Top Consumer Picks on Tiger Consumer’s Radar

Patrick McCormack’s Tiger Consumer Management is one of the many hedge funds seeded by Julian Robertson, the founder of Tiger Management, and like other of these so-called “Tiger seeds” it is housed at the same Park Avenue address Robertson’s legendary firm once called home. Obviously, as the name implies, Tiger Consumer Management is focused on the consumer sector. Below we take a look at their top consumer picks.

Kraft Foods Group Inc (NASDAQ:KRFT)

Who would’ve thought that hot dogs could go healthy? This is Kraft Foods’ (NYSE: KFT) new direction for its Oscar Mayer portfolio. It’s starting with the introduction of a new product line of hot dogs called Selects. Selects hot dogs are advertised as having no artificial preservatives, flavors or colors. KFT has relaunched six new hot dog flavors and five varieties of cold-cuts, abiding by the no artificial preservatives mantra. And with sales of more in $100 million in the first year of its launch in 2010, who can blame KFT? Now, KFT plans to make 20% of its Oscar Mayer portfolio without artificial preservatives by 2015.Adaptability in the ever fickle consumer taste business is key, and we are all for this strategy.

The other area that KFT is revamping is its gum brands marketing strategy in an effort to increase Trident and Stride sales. KFT’s gum division is taking a fresh approach to targeting teenagers, offering a 4-box gum rack for free in order to boost impulse buying and introducing gums that include graffiti-like designs. Trident is being repositioned to focus on selling consumers the emotional benefit versus the health benefits of gum. KFT has done an admirable job in rethinking its brands for the 21st century consumer, and this is only part of the reason for what we believe will be continued success for the company.

KFT competes with the likes of General Mills (NYSE:GIS) and Kellogg (NYSE:K) in addition to others. General Mills announced last week that it would acquire Brazilian food company Yoki for ~$875million USD. Yoki is a leading Brazilian food company and operates in snacks, convenient meals, grains, and seasonings. The deal will more than double GIS’ Latin America sales to ~$1 billion. Currently, most of GIS’ Latin America revenue comes from the Pillsbury acquisition. The deal should be EPS neutral by 2013 and accretive in 2014. This deal is in-line with other US-based food companies that are expanding geographically through M&A (Kraft/Cadbury, McCormick/Kamis, etc.). And GIS generates plenty of cash to make these types of acquisitions—$1.0+ billion annually after dividends.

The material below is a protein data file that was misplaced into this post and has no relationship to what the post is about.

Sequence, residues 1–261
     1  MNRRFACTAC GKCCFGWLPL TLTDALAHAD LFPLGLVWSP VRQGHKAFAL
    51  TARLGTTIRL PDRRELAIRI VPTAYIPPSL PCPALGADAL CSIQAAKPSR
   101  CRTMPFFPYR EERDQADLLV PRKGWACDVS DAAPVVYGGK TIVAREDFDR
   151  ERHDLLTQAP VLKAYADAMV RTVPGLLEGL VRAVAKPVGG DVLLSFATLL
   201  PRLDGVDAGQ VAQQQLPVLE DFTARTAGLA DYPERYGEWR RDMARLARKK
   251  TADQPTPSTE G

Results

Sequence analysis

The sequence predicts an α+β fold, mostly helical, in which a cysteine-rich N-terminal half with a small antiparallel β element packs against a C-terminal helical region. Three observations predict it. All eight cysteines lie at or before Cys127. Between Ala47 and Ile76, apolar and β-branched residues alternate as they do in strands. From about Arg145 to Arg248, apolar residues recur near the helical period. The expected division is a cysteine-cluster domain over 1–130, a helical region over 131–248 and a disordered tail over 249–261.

As for Kellogg, since John Bryant became the CEO sixteen month ago, he has been doing nonstop damage control. There has been progress on the supply chain front and the Pringles acquisition should eventually serve as a catalyst, but overall, we don’t think it’s a very competitive company from a strategy or execution view. There still seems to be no clear answer as to why Kellogg saw such a huge decline in cereal. We agree with management and suspect the volume decline is due to people cleaning out their pantries as opposed to QSR restaurants like McDonald’s taking share. We are of the opinion that one of the few remaining hopes for the company is synergies and growth from Pringles, though that is probably a couple years out. If Kellogg follows through on its intent to implement productivity and cost-cutting initiatives at Pringles, we think the synergies will exceed what management had initially forecasted. Ultimately though, we don’t think Pringles integration will be a panacea for the European business given the weak macroeconomic environment. We believe KFT is a superior investment to both GM and Kellogg as does  Patrick McCormack, who runs Tiger Consumer and other heavy hitters in the fund management world Nelson Peltz, Bill Ackman, and Warren Buffett (see Warren Buffett’s top picks).

Dollar General (NYSE: DG) just keeps getting more and more creative in traffic generation tactics. The latest is Redbox rental kiosks at DG stores. Research indicates that an average Redbox collects $47,000 in sales and with an average ticket of $2.28, it implies ~21,000 rentals per year. One analysis indicates that “if volumes run 25% of a typical Redbox and 30% of trips generated by Redbox are incremental, a typical DG could see 1.8% more customers wander through its stores.” Not bad, in our opinion. In addition to the Redbox strategy, DG has been introducing alcoholic beverages to its shelves, tinkering with fresh produce, and expanding the frozen sections in its markets. We believe that DG’s relentless iterations and commitment to improving core metrics will be a tour de force in the discount retail space.